A beautiful day in Regina, coming into town on that short ride from the airport – not a whisper of a breeze to stir the naked, leafless trees, and the prairie sun shining in a cloudless blue sky… Okay, it was nippy – minus 10 – but our welcome at the Delta Regina Marriott was as warm as could be imagined. And the GMP gala evening in the hotel’s convention centre was a total blast! Olympic gold-medallist Erica Wiebe was our witty and delightful MC (the entire crowd hanging on her every word). Music was the gift of a super-talented quartet made up of rock icon Neil Osborne from 54/40, the inimitable Barney Bentall, the ebullient Sam Polley, and violinist extraordinaire Anne Lindsay who, as ever, raised energy levels in the great salon right through the roof.
By the time the band came on to play, the judges’ work was done, thanks to the focus and expertise of our excellent Regina panel. CJ Katz, author, photographer, broadcaster and journalist, is our Senior Judge here and she and I shared the table with Trent Brears, Executive Chef of the Regina Legislature and captain of the Saskatchewan Culinary Team at the 2000 Culinary Olympics in Germany; with chef and educator Thomas Rush; with writer, blogger, restaurant columnist and television producer Aidan Morgan; and of course with last year’s gold medallist, Chef Garrett “Rusty” Thienes of Harvest Eatery and Fresh Market in Shaunavon. This eminent crew had its work cut out. We all agreed on our gold and silver winners but bronze was another matter. I don’t usually mention who comes fourth in our competition but this time three chefs were involved in a photo finish and we had to work through each of the judging criteria (taste, technique, visual presentation, texture, wine compatibility and wow factor) repeatedly to find our bronze medallist. So, disappointment for Chef Curtis Toth of the Hotel Saskatchewan and for Chef Jssel Hysuik of Sprout Catering & Café…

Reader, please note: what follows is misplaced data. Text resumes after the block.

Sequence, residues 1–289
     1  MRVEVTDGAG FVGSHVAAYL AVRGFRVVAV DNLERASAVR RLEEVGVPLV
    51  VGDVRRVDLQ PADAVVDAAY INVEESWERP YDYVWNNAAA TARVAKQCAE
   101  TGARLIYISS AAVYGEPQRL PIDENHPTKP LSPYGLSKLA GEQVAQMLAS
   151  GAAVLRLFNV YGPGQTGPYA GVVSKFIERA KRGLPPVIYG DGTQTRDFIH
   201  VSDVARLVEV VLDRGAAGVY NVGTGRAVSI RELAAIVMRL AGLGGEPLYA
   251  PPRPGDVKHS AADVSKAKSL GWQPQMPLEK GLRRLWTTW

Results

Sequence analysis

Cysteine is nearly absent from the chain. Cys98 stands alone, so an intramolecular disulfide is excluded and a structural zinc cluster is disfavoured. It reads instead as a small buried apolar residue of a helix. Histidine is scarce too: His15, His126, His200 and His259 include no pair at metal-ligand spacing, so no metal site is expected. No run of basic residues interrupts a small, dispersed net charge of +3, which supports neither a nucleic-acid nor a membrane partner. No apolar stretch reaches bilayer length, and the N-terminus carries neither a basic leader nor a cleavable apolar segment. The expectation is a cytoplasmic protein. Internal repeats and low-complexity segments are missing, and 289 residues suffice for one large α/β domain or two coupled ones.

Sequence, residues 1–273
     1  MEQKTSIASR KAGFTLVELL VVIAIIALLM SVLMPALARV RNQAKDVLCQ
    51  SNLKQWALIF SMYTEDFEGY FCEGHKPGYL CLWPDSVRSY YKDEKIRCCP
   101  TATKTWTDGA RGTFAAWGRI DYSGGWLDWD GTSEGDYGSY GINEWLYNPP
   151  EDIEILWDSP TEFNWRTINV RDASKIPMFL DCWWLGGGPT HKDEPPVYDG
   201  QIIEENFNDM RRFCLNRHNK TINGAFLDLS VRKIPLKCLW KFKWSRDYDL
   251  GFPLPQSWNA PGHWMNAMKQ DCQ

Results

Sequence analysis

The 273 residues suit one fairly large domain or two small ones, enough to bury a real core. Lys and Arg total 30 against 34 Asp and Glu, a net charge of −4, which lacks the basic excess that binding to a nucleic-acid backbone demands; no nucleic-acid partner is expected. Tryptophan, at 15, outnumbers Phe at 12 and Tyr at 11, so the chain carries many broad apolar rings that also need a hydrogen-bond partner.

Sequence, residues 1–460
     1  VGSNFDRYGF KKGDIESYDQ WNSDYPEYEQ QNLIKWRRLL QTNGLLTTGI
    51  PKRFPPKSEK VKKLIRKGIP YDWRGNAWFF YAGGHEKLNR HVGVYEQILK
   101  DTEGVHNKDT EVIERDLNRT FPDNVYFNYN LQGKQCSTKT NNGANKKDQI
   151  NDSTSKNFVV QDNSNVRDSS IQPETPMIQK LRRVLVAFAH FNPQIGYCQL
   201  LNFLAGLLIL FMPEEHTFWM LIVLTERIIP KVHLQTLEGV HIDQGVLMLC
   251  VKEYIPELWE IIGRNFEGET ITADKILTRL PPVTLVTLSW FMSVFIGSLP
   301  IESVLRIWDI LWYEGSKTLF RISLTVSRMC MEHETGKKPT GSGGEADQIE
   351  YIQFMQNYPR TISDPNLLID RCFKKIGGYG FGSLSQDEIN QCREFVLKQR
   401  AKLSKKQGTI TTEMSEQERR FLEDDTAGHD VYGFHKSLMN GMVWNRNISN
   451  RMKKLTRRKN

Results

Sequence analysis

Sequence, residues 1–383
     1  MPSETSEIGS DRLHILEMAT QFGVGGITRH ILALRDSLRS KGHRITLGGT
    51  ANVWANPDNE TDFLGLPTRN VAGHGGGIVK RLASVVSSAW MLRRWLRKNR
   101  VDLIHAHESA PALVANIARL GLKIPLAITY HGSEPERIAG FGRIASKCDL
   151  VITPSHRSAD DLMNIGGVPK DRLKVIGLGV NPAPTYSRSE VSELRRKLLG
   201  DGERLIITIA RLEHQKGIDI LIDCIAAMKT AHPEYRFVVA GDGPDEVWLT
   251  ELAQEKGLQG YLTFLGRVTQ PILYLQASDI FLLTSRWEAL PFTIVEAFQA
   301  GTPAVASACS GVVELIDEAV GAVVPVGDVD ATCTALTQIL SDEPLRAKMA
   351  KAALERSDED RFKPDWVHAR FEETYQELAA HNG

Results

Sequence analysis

But joy for Louise Lu of Skye Café & Btsro as we hung the medal around her neck. So many of the dishes last night were ravishingly beautiful to look at and Chef Lu’s was a stunner. Her main component was a stiff, very slim, rectangular slice of foie gras that she had first cured, puréed and pressed. As firm and slick as cold butter, with a dusting of crumbled pistachios to add texture, it lay across three components like a pirate’s gangplank. The first was a bite-sized purse of ethereal phyllo pastry filled with a sweet pear chutney spiked with the merest hint of Szechuan peppercorn. Beside that was a very different treatment of pear – a brunoise, lightly pickled and flavoured with ginger. The third component was a sponge-like brioche flavoured and coloured with pistachio and sprayed with an invisible spritz of pear and Riesling. There were other garnishes – more pistachios for crunch, a modest dusting of green macha powder, one or two cranberry pearls, and, soaring skywards, a perfect, tissue-thin pear crisp. The harmonies between the pear and pistachio components were impeccable; the way they balanced the richness of the foie gras beautifully judged. And the wine match was a doozey – the amazing CSV 2015 Riesling from Cave Spring Cellars in Niagara, a wine of the most elegant minerality and delicate intensity that also worked perfectly to balance the foie.